The Great floods : Not a Myth?

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If you haven’t been living under a rock, you’ve probably at least heard of the story of Noah and his Ark. Pious and pure family man, impresses god and gets a chance to save his family and other lifeforms on earth on his ark, while god floods the planet in order to destroy the “evil” mankind had become. It wouldn’t be surprising this seems like nothing more than a biblical story. But what if Noah wasn’t the only one? Or what if it wasn’t only the bible that got it right?
Briefly put, the Narrative of Noah’s ark follows the life of a simple, pious, devoted and kind man, Noah. When God sees the wickedness that engulfs the world, he decided he will wipe out his creation, the humans and with them all other living creatures, to reset life on earth. But Noah found favour with God for he alone was righteous among the people of his day. And God said to him, “I will establish My covenant with you; you will go into the ark with your wife, your sons, and their wives” (Genesis 6:8–10, 18). Noah thus sets out to build the ark, as per the instructions he receives. He is asked to give space to pairs of all animals, so together they may repopulate Earth after the floods. Then the Flood began. The fountains of the deep broke open, and the windows of heaven were opened. Rain poured for forty days and forty nights. The waters rose until every high hill on the earth was covered. Everything that lived on land perished in the raging floodwaters (Genesis 7:17–24). The waters flooded the earth for one hundred and fifty days. And God remembered Noah and the animals on the Ark. The waters receded and the Ark came to rest on the mountains of Ararat (Genesis 8:1–5). And thus, ends the tale of Noah as he steps out into a new world, God promising never to flood it again.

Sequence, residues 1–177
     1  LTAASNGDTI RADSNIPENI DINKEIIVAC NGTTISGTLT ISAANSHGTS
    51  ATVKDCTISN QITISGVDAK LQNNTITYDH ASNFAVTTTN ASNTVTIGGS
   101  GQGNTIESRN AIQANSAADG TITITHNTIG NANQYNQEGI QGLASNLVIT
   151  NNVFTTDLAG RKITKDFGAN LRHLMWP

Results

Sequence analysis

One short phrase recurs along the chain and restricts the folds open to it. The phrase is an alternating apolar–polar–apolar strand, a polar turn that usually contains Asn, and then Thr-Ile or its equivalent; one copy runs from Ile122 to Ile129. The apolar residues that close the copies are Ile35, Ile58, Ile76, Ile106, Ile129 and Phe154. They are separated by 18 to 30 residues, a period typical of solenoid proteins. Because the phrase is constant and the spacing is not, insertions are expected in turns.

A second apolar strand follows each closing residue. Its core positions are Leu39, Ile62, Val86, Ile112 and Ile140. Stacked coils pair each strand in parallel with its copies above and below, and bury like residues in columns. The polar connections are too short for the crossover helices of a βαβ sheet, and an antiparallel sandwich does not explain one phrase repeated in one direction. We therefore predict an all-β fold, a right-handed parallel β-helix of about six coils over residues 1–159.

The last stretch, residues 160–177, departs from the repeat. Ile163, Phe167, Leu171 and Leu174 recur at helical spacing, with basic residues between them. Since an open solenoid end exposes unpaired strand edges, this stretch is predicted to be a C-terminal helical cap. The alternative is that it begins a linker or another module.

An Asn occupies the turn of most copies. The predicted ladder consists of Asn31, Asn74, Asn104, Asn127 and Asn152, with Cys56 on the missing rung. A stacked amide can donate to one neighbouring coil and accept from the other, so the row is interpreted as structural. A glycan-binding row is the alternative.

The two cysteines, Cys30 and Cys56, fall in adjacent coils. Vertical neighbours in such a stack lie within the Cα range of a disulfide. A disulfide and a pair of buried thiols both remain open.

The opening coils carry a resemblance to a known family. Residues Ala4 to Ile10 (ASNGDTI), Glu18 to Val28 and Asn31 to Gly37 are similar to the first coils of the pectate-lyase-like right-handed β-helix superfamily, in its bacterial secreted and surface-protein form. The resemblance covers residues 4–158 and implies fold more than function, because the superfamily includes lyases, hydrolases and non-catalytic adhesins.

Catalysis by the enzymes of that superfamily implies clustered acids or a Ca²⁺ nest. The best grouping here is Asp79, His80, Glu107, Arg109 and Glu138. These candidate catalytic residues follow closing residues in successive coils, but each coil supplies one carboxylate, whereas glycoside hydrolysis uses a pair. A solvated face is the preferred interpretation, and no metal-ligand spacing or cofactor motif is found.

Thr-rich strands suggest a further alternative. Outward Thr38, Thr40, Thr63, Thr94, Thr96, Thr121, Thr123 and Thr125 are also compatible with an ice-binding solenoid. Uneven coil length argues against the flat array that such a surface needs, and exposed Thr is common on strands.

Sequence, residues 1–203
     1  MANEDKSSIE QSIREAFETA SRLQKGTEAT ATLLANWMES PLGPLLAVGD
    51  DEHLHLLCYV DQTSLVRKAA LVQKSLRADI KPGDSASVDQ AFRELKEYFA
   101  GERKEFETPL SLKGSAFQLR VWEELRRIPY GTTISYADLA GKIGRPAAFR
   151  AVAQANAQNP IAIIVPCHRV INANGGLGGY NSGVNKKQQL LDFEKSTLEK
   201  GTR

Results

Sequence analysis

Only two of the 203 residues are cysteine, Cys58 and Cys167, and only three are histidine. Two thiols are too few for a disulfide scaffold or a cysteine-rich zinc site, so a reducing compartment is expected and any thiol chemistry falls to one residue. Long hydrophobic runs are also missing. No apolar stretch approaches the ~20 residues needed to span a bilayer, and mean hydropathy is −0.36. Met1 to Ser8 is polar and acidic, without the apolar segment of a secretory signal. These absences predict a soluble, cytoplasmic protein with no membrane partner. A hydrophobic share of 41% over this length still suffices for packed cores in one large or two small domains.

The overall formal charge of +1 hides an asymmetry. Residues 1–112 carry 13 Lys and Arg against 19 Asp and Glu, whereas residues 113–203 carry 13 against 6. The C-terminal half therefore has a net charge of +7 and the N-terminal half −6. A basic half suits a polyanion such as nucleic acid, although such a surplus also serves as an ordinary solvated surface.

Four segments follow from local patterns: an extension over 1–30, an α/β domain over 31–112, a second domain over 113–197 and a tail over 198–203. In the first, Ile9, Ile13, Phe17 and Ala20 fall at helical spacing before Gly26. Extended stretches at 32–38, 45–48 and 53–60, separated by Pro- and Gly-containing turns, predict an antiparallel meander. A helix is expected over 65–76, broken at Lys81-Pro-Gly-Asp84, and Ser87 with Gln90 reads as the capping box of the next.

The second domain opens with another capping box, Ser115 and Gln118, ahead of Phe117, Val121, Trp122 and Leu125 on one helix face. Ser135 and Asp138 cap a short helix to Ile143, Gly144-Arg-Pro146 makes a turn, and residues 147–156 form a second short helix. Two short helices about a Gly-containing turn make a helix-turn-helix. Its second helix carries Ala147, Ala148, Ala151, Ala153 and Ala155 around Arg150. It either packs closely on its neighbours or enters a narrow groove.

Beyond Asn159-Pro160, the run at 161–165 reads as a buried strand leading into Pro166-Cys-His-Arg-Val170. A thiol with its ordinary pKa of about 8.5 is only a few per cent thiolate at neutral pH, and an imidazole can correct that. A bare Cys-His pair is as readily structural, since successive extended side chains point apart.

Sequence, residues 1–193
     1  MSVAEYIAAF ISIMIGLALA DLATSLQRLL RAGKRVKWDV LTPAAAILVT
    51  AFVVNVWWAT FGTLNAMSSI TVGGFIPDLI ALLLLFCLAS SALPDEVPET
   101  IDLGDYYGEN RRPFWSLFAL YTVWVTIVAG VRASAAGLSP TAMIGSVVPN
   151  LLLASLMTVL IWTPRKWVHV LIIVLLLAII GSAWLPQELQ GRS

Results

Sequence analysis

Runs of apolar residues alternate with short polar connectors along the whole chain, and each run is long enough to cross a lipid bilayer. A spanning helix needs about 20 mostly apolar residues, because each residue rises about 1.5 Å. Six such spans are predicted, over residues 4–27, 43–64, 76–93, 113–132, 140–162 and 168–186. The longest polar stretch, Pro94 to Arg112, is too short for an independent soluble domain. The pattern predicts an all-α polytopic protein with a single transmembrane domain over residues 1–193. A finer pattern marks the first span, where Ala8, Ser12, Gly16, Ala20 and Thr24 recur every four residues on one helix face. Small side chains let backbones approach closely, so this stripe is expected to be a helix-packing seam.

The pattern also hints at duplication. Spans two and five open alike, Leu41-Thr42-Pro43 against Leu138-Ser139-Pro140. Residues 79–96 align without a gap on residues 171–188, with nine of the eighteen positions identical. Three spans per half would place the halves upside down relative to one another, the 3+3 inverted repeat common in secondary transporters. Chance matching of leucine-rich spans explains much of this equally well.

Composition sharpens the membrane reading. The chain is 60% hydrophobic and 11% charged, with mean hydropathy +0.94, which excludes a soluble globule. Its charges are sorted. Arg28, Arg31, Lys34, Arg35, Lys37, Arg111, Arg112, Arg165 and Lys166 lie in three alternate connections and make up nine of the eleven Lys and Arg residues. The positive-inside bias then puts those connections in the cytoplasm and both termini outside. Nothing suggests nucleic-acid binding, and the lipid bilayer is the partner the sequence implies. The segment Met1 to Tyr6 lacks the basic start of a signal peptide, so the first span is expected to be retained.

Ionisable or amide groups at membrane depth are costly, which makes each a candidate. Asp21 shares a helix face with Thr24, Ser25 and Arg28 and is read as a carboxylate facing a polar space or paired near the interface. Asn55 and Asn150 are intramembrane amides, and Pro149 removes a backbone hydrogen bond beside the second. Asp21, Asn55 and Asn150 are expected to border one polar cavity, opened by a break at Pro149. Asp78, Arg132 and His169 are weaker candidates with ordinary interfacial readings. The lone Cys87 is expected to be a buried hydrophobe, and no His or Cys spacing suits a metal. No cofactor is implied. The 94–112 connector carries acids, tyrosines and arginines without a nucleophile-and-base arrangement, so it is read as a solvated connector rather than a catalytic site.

According to texts from the Hindu tradition, such as the Satapatha Brahmana and the Matsya Purana, Lord Manu was the king of Dravida (South India). His kingdom, named Kumari Kandam (Multiple parallels are often drawn between this island kingdom and the lost city of Atlantis!). Lord Manu is revered as the saviour of mankind, much like Noah. Manu has a family of 3 children and a wife. Children named – Charma, Sharma and Yapeti. Noah, According to the book of Genesis (chapter 6- 9) of the Old Testament, had 3 children named – Ham, Shem, Japeth. In Noah’s tale, he receives divine instructions from God himself, to repopulate the earth by saving his family and a pair of animals from each species on an ark he must build. God intends to destroy mankind because it had grown to be wicked and sinful. In Manu’s story, while the instructions remain the exact same, god’s reason to flood earth is because it’s simply part of the natural order. Of course, during the floods, his ark is guided by Lord Vishnu’s Matsya Avatar (The Great fish) of which there is no equivalent in the biblical counterpart.